Ansari: Space Tourism Regs Not “Industry Friendly” Enough

MarsDrive has an interview with space tourist and entrepreneur Anousheh Ansari. She described her flight to the International Space Station, waxed enthusiastically about the future of space tourism, and called on governments to loosen regulations on space tourism companies.

“Cost is definitely an inhibitor at this time,” Ansari admits. “We need established, sustainable businesses in the private industry using space flights to bring down the per flight cost.

“Also the regulatory and insurance requirements is another hindrance for the industry. I think we need new technology to be able to lower the cost of orbital flights. There should be greater collaboration between private industries and the regulatory bodies to be able to come up industry friendly regulation that will at the same time encourage passenger safety,” she added.

Most of her comments make sense, but the regulatory one is curious. At least in the United States, it seems that the commercial space industry has gotten more or less everything it has wanted from the industry friendly, anti-regulation Bush Administration and several states vying for its business.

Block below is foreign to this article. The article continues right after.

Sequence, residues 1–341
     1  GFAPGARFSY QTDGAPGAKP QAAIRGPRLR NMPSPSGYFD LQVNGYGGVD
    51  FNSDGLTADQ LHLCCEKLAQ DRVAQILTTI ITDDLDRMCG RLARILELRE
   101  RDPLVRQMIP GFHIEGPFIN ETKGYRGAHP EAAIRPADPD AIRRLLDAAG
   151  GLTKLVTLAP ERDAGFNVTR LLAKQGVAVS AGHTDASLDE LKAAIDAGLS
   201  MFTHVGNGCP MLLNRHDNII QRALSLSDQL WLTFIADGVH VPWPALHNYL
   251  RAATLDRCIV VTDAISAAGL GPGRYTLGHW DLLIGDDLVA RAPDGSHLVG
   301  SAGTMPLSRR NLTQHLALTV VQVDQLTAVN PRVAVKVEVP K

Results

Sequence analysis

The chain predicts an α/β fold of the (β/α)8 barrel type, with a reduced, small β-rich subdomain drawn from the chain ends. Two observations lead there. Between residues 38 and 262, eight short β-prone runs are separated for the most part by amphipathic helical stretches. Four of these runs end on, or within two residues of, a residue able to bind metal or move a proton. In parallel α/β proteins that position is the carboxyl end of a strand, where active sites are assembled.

The FAA has taken a very light hand on regulation, companies have received tax exemptions while they make tens of millions selling expensive vacations to billionaires, and “zero liability” laws mean that customers and their survivors can’t sue for injury or death except in the event of gross negligence.

NASA has become increasingly business friendly. Giant companies fly their private corporate aircraft out of Moffett Field for modest annual fees. And New Mexico is spending nearly $200 million on a spaceport whose anchor tenant will be a space tourism effort whose financial backers include aerospace giant Northrop Grumman (2007 annual revenues: $8.3 billion), Paul Allen (net worth: $16.8 billion), and Richard Branson (net worth: $7.9 billion).

I can see what Ansari is talking about in terms of wanting to deepen public-private collaboration. There are definite synergies there. But, it seems like the industry is getting a lot already. And what else does it want in terms of regulatory relief?